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The Broadcast Audience Research Council of India (BARC) India has received 11 responses for its request for information (RFI) to measure online videos. Earlier in December 2015, BARC had issued a RFI with the intent of monitoring audience across media, including the Internet and mobile.

The responses came in from Kantar Media, IMRB, ComScore, Nielsen, MediaMetrie, Gracenote, Informate, GFK, Accenture, EY, eywa Media, Gemius and Verto Analytics.  BARC India will issue the Request for Proposal (RFP) soon and the partner for the venture will be announced in couple of months.

BARC said that its intent through its foray into digital measurement, is to measure total unduplicated audiences across all devices and platforms, measuring combined program impressions or advertisements regardless of where and how content or ad is being consumed, through a Single Source Panel.

For the Internet (and Mobile), they’re looking to measure: ad breaks in live streams, pre-roll and mid-roll videos, and targeted/addressable advertising linked to the content on broadcaster sites or social media or any other website/apps.”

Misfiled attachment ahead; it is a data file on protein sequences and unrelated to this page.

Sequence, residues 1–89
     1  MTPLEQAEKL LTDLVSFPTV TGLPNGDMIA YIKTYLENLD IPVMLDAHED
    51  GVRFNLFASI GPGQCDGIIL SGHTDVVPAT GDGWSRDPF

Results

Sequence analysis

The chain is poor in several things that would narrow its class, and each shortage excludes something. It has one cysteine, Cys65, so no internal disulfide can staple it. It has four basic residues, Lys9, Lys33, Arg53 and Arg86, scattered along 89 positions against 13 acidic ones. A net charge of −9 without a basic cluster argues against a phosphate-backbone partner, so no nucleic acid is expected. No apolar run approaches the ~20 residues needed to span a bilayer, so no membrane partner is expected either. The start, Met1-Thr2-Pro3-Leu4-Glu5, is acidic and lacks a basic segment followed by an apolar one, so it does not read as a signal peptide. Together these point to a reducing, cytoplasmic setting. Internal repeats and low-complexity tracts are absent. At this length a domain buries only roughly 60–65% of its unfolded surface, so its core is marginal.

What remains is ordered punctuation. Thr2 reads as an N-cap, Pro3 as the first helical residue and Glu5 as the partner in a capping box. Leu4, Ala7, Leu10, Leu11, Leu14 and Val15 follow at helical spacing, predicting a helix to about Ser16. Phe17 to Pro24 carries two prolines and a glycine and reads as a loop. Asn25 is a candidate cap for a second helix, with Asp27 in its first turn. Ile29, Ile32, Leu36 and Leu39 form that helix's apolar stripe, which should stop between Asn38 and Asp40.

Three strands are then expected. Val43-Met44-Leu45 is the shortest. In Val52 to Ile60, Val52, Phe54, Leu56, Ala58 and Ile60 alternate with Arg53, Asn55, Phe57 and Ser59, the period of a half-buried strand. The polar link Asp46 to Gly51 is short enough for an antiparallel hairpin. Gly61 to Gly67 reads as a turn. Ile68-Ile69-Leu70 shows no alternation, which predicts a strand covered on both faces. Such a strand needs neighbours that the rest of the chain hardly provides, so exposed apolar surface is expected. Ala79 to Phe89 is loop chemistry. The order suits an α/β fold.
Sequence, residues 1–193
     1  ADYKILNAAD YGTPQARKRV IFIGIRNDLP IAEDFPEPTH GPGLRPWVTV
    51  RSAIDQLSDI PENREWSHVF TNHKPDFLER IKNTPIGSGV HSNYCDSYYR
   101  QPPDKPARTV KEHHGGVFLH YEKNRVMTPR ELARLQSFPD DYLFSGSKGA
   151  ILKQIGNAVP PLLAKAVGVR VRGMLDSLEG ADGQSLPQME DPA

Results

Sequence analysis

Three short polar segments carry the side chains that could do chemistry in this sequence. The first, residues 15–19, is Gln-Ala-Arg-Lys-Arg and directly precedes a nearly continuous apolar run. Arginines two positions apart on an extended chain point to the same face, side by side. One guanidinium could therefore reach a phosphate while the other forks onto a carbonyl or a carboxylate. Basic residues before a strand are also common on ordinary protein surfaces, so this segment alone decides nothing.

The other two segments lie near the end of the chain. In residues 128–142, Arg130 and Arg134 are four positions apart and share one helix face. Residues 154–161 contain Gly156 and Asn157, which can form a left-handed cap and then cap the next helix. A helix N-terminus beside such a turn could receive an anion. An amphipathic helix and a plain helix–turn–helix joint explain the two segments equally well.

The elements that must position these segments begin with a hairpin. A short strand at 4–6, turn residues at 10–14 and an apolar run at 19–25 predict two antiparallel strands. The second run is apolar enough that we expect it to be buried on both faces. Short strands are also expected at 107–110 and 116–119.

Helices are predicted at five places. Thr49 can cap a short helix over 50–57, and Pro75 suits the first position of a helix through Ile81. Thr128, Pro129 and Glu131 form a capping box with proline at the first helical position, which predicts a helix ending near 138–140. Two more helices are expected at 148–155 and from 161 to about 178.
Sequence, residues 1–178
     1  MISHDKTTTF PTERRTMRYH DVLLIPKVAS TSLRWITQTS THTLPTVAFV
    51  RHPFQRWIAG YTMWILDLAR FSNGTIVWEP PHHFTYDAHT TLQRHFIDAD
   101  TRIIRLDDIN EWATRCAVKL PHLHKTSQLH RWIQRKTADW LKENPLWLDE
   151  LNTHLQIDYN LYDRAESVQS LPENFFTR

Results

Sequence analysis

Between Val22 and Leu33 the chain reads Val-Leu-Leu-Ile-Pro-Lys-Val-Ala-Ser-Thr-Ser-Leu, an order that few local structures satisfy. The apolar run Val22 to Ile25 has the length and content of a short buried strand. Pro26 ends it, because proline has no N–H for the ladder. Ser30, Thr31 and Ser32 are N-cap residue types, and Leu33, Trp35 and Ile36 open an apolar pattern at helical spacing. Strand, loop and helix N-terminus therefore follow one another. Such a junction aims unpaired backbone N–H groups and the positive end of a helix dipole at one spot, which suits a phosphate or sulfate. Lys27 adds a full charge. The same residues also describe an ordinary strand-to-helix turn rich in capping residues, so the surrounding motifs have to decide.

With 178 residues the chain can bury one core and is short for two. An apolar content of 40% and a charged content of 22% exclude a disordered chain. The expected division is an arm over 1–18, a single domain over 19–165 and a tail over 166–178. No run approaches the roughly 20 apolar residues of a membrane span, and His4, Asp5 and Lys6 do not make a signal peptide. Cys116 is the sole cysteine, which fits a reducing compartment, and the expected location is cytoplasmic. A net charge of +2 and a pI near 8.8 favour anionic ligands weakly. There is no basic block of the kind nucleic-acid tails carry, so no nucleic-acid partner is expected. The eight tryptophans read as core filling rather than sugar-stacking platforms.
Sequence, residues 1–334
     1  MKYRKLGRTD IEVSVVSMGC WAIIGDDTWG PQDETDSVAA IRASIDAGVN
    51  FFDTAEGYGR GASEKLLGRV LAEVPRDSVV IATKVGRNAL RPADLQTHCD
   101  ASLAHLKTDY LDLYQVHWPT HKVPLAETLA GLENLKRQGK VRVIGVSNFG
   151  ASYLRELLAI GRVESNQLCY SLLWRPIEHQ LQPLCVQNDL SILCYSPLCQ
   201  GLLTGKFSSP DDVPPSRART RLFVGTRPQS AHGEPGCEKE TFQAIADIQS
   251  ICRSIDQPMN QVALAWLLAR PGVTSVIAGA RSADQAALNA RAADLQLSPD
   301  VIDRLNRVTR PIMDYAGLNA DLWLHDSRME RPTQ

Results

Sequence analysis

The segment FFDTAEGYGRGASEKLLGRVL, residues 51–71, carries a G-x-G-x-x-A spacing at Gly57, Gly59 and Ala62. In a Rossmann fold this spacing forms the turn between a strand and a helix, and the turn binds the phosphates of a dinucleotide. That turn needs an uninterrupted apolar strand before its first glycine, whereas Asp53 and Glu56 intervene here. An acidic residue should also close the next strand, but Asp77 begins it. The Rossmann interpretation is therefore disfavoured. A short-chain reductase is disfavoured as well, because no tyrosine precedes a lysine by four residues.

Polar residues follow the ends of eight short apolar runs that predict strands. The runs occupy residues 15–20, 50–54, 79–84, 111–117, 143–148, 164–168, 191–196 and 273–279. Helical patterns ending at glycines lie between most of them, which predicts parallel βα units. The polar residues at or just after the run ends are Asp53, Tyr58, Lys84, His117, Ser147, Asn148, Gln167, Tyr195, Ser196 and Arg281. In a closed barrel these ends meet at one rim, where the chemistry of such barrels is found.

Details for measurement

Those responding to BARC will need to detail how measurement is done:

– How their offerings work.
– What types of video, devices and platforms the company is able to measure.
– At what level of detail.
– Whether the approach requires third party action (eg tagging, encoding or API).

MediaNama’s take

BARC has set ambitious targets to measure how online videos are being watched considering the distributed nature of the Internet. BARC will also have to take into account videos being watched on Facebook  and it remains to be seen if the ratings should help in settling the debate on Facebook’s tall claims.

What will be possible, however, is measurement via tie-ups with specific content creators on specific platforms. There is incentive for broadcasters to allow measurement of content on their own streaming sites (especially live streaming), in order to enable what will be cross-platform advertising deals. Once platforms see the benefit of adapting to standards set by BARC, that universe will grow.

Television broadcasters follow a ratings-based approach and are unwilling to move from television as there are no ratings for online videos. BARC’s ratings should go a long way to convince television executives to move their content on the Internet.